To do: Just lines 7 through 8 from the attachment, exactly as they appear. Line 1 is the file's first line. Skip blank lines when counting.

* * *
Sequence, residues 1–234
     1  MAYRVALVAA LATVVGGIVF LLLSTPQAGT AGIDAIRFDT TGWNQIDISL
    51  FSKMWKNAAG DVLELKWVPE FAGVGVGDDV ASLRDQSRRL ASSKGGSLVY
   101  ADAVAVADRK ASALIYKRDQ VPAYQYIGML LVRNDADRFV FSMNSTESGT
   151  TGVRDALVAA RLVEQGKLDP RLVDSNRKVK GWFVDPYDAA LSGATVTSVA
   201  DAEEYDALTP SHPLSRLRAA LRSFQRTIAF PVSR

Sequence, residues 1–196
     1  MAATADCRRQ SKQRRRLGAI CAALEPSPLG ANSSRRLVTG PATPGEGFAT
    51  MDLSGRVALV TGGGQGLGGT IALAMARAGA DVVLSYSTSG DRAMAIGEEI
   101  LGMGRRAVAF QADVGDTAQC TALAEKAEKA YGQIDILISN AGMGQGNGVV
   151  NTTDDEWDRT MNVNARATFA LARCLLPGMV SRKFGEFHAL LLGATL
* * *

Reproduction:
Sequence, residues 1–196
     1  MAATADCRRQ SKQRRRLGAI CAALEPSPLG ANSSRRLVTG PATPGEGFAT